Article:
Good Fruit Grower

May 15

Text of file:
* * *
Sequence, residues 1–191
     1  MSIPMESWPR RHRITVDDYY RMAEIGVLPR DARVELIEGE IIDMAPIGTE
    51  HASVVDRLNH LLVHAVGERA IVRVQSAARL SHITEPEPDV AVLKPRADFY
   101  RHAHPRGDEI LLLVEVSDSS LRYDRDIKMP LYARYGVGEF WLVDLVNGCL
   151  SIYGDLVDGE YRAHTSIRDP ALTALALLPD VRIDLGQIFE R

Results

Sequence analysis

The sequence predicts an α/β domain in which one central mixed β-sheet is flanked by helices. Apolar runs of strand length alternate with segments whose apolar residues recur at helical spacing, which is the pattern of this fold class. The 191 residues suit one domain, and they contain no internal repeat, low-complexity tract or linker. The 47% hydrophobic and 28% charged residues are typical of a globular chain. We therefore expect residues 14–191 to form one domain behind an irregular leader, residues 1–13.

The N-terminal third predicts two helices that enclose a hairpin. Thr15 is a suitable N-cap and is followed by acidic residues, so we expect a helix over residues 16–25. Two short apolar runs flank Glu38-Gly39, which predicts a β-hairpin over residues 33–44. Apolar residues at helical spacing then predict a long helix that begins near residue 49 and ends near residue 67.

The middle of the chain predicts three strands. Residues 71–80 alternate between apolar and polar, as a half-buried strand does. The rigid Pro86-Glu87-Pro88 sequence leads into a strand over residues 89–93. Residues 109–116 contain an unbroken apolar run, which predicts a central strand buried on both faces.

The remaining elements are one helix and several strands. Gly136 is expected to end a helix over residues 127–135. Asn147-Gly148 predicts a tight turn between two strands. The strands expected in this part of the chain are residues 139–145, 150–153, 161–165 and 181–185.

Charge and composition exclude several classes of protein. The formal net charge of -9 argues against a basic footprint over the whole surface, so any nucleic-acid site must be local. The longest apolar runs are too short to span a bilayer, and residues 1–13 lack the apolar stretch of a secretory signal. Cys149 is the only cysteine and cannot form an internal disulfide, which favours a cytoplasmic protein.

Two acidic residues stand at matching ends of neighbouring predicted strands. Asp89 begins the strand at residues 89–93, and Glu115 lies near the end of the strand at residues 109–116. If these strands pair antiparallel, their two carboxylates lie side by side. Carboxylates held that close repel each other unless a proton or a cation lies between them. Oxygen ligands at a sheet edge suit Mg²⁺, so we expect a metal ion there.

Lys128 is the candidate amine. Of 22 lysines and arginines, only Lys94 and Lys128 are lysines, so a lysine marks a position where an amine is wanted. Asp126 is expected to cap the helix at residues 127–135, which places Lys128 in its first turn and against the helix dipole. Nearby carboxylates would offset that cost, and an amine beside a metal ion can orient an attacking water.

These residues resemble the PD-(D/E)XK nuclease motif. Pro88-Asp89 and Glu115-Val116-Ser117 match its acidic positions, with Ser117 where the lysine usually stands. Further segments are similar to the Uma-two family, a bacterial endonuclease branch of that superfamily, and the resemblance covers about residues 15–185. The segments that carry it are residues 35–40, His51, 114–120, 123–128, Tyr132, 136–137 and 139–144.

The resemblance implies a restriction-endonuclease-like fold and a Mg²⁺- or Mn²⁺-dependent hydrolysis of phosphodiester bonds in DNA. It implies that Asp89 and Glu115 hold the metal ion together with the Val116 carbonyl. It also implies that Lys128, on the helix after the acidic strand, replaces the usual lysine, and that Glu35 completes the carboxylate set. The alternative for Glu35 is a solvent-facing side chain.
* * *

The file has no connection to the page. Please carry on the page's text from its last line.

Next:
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Page 12 of 55 GOOD FRUIT GROWER MAY 15, 2015 13 vineyard blocks, variability within the block, and the type of fruit their blocks can produce when making a match. For example, Sagemoor, because it's a warm location, is ideally suited for Cabernet. But variation within blocks will create dif- ferent styles of Cabernet and fruit won't be the same. Sagemoor has 900 acres of wine grapes planted at three sites, total- ing 91 blocks of grapes. "Even though we're a warm site, only 23 blocks are in Cabernet." 12-step program Growers have to find the business model that suits their personality, employees, and crop, he advised. "Those that have consistent soils can grow grapes for production purposes (high tonnage) in a low cost, efficient sys- tem tailored for the highest quality that the site allows," he said. Or, there's the route that Sagemoor has taken—growing premium fruit for a host of wineries. Waliser shared how growers can manage their vineyards for multiple wineries: 1. Know enough about wine to know that there can be different wine styles produced from the same block of grapes. 2. Your site has to be able to provide fruit for more than one wine style. 3. Learn about your site's style potential and find winemakers that like the wine style from your site. 4. Don't take rejection by a winery to mean that your site produces poor quality fruit. (However, be honest with yourself if that is the case.) 5. Engage your employees, especially those who have a good wine palate. Have your employees taste wines from your grapes and other locations. "Make as many wine growers as you can from your employees." 6. Study the market and learn the value of your fruit. Price your fruit relative to your costs. 7. Know what your cost of production is and get paid so you can be sustainable and profitable. Don't be embarrassed to use a processor's lien to get paid. 8. Make your business plan relative to you and your winery customers. "Most wineries aren't looking for excuses to leave unless you give them one." 9. Build business relationships on trust; keep your end of the bargain. 10. If you know what the winemaker wants done in the vineyard, do it before he or she asks for it. You'll stay way ahead of things that way. 11. Don't oversell your capacity (crop inventory) to a winery. Allocating grapes to winemakers is very difficult if you run short of fruit. 12. You have to be more than a grower; you must also be a businessperson. "And remember that everybody knows everybody in this industry." As a "bonus" tip, Waliser encouraged growers to be students of wine. Growers should buy wine from their winemakers and learn from drinking the wine. "Don't expect winemakers to give wine away for free. After all, you don't give your grapes to them for free." • COURTESY OF SAGEMOOR VINEYARDS Some vines at Sagemoor Vineyards, such as this one, are more than 40 years old and still producing.

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